It felt as if I was serving a prison sentence – made all the worse because it was meted out by my own mother rather than by a jail warden.

Somewhat predictably, I married at an inadvisedly young age. My mother was completely convinced that I was on-the-shelf material, and I was determined to prove her wrong.

I was 20 when I wed an entirely unsuitable man who was 12 years older than me. By then I couldn't bear to be in the house with my mother: I was desperate to leave, and saw this man as my escape.

Little wonder our ill-fated union ended in divorce less than five years later, after I realised I'd simply swapped one prison for another.

By the time I reached my 30s, I was enjoying a successful career as a sales executive. I'd remarried, and my then-husband and I enjoyed holidays abroad several times a year.

I drove a BMW, and owned a boat and a caravan. Years went by when I didn't hear from my mother, but she only had to click her fingers and I'd drop everything in an instant to please her.

It seemed that even in my adult life, I was unable to escape her clutches. Inexplicably, whenever she summoned me I was there in an instant.

My father died of a heart attack in 1993, when he was 75. My mother, who had banned me from their lives in yet another fit of pique for the previous two years, only got in touch with me the day after my father had died, to demand I organise and pay for the funeral.

The fact that I was devastated by my father's death was completely lost on my mother: it was all about her.

I later discovered that she also wanted me to pay for some work to her house, which had fallen into disrepair.

I spent thousands of pounds on refurbishing her bungalow, but even that didn't meet with her approval, and she soon declared that she could no longer live on her own.

So, together, we chose an upmarket nursing home – which, naturally, I would pay for – where she gleefully announced she would be waited on hand and foot.

She died two years after my father, not a day having gone by when she didn't proclaim that she wanted to go and be with him.

I realise, now, that she had always had tremendous love for him, and only him.

Before my mother died, I contacted one of her friends to see if she would visit her and she refused. But this friend, who had been acutely aware of how my mother mistreated me, said she could never understand why she was so vicious towards me, since I had always been such a good girl.

I only wish I knew why my mother treated me the way she did, because her actions have blighted my life.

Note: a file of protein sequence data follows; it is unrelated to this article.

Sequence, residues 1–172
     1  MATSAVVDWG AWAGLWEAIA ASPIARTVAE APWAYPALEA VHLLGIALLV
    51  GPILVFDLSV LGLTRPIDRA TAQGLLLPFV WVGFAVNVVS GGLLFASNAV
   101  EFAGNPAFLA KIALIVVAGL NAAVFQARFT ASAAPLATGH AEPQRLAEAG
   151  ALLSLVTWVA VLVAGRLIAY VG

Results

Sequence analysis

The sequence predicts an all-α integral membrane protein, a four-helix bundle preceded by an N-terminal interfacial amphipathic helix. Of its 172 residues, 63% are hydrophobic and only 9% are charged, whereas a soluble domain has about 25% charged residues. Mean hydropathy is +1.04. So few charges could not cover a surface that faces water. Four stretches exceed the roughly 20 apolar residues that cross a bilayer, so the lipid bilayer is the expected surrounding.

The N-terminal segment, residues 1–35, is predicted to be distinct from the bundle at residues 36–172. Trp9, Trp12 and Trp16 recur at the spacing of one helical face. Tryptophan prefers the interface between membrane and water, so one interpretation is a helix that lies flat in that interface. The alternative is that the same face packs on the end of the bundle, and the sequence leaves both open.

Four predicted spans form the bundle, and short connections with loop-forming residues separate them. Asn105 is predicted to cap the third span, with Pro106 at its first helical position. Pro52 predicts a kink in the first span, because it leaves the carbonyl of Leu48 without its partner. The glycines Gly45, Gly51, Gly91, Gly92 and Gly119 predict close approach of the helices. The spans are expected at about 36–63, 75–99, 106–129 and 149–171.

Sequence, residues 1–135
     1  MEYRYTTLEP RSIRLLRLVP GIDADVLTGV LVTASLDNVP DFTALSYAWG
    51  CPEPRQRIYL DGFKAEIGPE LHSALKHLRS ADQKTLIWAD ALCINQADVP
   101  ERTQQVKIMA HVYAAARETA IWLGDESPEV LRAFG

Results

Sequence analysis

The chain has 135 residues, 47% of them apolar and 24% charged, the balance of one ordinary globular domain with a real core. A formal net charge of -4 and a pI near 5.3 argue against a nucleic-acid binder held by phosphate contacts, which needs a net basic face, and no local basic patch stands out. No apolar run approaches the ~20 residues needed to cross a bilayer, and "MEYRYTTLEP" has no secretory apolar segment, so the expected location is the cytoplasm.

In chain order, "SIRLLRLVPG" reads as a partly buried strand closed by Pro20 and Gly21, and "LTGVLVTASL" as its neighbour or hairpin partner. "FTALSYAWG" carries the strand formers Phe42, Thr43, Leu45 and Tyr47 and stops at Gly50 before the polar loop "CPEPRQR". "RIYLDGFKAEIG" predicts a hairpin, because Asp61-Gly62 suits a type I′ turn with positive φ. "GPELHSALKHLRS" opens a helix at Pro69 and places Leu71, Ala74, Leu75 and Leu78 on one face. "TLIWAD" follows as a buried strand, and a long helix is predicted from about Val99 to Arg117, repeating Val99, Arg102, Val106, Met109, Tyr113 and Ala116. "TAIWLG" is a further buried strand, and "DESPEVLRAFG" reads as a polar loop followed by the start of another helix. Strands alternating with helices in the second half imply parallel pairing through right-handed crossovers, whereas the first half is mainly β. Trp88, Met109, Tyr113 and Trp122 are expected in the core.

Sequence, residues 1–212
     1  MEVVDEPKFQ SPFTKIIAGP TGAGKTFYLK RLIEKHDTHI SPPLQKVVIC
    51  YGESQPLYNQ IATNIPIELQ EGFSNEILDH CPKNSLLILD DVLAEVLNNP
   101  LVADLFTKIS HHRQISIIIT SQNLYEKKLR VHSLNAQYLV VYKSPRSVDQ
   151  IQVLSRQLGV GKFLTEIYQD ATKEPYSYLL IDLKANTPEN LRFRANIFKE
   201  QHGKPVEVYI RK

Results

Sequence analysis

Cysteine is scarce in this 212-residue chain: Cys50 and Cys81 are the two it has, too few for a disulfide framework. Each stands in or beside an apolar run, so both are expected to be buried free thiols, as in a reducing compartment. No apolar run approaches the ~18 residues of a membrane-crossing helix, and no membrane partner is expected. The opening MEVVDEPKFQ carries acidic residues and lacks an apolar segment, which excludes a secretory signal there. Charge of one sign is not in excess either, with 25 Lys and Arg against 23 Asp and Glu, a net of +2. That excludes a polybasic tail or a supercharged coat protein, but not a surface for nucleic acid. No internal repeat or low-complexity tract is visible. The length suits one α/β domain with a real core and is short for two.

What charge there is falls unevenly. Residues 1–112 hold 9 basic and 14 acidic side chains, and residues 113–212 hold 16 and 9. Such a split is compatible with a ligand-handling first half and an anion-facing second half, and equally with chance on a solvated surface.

People have asked why I never sought professional help to try to come to terms with how my mother treated me.

I don't see myself as a victim: I think what I went through has made me a strong woman.

I was always afraid to have children of my own. You learn parenting skills from your mother, and I was terrified that I, too, would be too vicious or too forceful with my own offspring.

As a result, I took the agonising decision not to have a family of my own. I have married the wrong sort of man twice, have played the unsatisfying role of 'people pleaser' throughout my life, and I have very few female friends.

My mother's ill-treatment of me means I go over-the-top in seeking love and approval, which has left me open to abuse in romantic relationships. I go to extraordinary lengths to please people.

My mother told me friends would use and abuse me, so I've never allowed myself to form female friendships.

I didn't learn vital social skills when I was younger, which has left me lacking the confidence one needs to meet people and sustain relationships.

These days, twice-divorced and single, I am 55 and living in Charante in South-West France.

I work as an English language teacher and am very much a loner. My mother always warned me that I would miss her when she was gone.

It's 17 years since she died and, reluctant as I am to admit it, she was right – I do miss her.

I can't escape the fact that I tried so hard to make her love me. That I was never good enough for her will haunt me for the rest of my life.

Even today I'd go to the ends of the earth for her acceptance and just to hear – once – my own mother say to me: 'Maria-Louise, I love you.'